Author: Danielle L. Jensen
Publisher: Strange Chemistry
Publication Date: April 1, 2014
Source: Audible (Purchased)
For five centuries, a witch’s curse has bound the trolls to their city beneath the ruins of Forsaken Mountain. Time enough for their dark and nefarious magic to fade from human memory and into myth. But a prophesy has been spoken of a union with the power to set the trolls free, and when Cécile de Troyes is kidnapped and taken beneath the mountain, she learns there is far more to the myth of the trolls than she could have imagined.
Cécile has only one thing on her mind after she is brought to Trollus: escape. Only the trolls are clever, fast, and inhumanly strong. She will have to bide her time, wait for the perfect opportunity.
But something unexpected happens while she’s waiting – she begins to fall for the enigmatic troll prince to whom she has been bonded and married. She begins to make friends. And she begins to see that she may be the only hope for the half-bloods – part troll, part human creatures who are slaves to the full-blooded trolls. There is a rebellion brewing. And her prince, Tristan, the future king, is its secret leader.
As Cécile becomes involved in the intricate political games of Trollus, she becomes more than a farmer’s daughter. She becomes a princess, the hope of a people, and a witch with magic powerful enough to change Trollus forever.
Stolen Songbird is an imaginative take on the troll lore with a love story so sweet, you'll be rooting for them from page 1.
Plot: Cecile de Troyes is a gifted songstress and has been summoned by her mother to perfect her talent. While traveling, she is uprooted from her smalltown life to a world full of monsters she thought only existed in fairytales. Without proper introduction, she is married to the troll prince in hopes of breaking a curse that has doomed all trolls to their secret home of Trollus. With any good royal family, there is betrayal and political alliances. Everyone has their own agenda and Cecile has to learn where she stands in troll politics if she wants to survive. I can count the number of troll novels on my hand, but this particular novel makes me want to look for more. Jensen's strength is in her world building, which I will touch on later, but it brought the whole novel together and made these characters 3-Dimensional.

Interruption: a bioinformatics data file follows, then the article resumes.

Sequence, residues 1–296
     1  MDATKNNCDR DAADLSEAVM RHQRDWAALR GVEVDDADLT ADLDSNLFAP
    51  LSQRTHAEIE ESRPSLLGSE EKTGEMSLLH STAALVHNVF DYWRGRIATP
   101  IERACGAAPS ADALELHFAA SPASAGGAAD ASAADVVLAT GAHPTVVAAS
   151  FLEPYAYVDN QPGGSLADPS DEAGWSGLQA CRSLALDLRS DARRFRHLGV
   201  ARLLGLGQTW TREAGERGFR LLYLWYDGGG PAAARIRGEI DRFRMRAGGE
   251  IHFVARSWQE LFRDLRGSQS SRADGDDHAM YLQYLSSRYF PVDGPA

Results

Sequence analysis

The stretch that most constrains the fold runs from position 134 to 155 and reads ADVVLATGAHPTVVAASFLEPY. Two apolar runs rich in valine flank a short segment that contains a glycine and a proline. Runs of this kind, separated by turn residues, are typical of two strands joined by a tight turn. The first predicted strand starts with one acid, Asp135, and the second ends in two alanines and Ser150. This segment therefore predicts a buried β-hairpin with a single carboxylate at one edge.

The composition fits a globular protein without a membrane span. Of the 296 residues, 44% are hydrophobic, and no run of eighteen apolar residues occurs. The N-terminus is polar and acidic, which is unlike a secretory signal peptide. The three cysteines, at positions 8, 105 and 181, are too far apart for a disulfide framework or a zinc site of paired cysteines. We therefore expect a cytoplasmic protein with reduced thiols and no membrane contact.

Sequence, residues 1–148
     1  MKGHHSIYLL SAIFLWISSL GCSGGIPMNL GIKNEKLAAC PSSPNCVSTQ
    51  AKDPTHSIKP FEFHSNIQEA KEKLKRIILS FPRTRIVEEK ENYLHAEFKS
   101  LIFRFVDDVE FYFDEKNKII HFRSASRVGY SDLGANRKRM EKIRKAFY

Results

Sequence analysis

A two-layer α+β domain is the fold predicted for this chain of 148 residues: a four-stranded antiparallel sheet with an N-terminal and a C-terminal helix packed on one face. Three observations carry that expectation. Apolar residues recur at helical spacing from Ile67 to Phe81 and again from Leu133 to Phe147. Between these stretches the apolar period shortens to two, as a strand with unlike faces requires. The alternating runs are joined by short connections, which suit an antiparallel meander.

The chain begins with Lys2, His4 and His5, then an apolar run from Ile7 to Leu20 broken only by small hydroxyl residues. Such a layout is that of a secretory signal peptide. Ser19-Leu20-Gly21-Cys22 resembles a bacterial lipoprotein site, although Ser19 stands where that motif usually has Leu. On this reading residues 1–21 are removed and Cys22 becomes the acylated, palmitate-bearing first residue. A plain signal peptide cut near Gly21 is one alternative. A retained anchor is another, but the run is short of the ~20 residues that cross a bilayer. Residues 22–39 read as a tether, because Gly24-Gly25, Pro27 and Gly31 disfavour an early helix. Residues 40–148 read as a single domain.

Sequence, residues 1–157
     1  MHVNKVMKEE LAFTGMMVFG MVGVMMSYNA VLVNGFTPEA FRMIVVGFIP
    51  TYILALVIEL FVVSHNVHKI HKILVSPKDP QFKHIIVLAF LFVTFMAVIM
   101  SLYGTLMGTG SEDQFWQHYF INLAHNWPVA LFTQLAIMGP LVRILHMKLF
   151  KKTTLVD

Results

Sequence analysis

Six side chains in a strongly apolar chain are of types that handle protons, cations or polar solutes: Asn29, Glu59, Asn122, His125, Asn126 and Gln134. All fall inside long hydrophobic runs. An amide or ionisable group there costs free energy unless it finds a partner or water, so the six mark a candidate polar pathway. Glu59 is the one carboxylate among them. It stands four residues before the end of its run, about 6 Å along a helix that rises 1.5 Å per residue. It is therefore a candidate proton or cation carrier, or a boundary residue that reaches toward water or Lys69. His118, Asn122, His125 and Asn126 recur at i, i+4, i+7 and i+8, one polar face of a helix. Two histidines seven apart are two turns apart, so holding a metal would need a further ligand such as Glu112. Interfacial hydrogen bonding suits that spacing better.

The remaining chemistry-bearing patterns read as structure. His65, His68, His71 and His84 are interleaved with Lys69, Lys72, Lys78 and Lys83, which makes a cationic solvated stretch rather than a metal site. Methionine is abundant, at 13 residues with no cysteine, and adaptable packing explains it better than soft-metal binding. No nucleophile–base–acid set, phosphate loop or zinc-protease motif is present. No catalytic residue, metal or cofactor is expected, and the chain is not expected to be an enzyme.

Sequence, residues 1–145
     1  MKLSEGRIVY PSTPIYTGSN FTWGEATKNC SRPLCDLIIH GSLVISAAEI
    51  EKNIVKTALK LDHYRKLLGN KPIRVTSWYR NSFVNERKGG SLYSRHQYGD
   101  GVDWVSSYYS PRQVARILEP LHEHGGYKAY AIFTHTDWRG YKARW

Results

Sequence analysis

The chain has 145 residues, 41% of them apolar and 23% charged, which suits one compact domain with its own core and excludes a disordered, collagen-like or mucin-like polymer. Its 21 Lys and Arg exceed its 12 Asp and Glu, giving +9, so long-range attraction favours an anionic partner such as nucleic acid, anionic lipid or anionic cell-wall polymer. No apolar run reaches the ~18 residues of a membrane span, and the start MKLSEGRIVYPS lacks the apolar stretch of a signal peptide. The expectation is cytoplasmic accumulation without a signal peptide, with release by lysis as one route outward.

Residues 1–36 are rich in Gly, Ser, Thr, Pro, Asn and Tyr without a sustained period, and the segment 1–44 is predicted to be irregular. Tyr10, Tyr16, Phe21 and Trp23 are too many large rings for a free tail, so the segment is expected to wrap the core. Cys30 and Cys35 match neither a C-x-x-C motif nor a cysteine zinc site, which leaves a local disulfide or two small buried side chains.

My only complaint is that it's too long for its own good. There were about three instances where I thought the novel was ending but it kept going, I truly wish that Jensen had cut this one down by a third because by the end of the novel, I felt that she had given too much away and that there wouldn't be any surprises for the second installment.
Characters: Who doesn't enjoy a brooding prince and a strong-willed heroine? There was a point in the novel where Cecile was told that she could either live as prisoner or take advantage of her new station as princess and live life to the fullest: and that's what she did. Yes she brooded and lamented the loss of her family, but I appreciated that she tried to make the best out of a horrible situation. Her romance with Tristan was a sweet as honey in that "we hate each other jk never mind" sort of way. There was a lot of drama, as there are in royal romances, and I did get a tad bit annoyed with the constant back and forth- again a problem that would have been resolved if the novel were 100 pages shorter.
I also greatly enjoyed the secondary characters who were full of humor and cunning when the situation called for it. I have a feeling that the second novel will introduce even more characters and I'm excited to see Jensen's world grow.
World Building: Danielle Jensen should hold a workshop on world building because her world is spot on. It doesn't take long to understand the politics of Trollus and to imagine the world, this is because Jensen accompanies all the building with a healthy dose of history. I felt just as involved in this world as Cecile did. I found it very interesting that, it's clearly a fantasy world, but the backbone of this world seems to be French. This is evident from the names (Cecile de Troyes) and the random French that is thrown around in the world (ie: L'elixer de la lune).
Short N Sweet: Stolen Songbird is a fresh fantasy novel that fans of the genre will not want to miss out on. If only it were shorter, it would be perfect!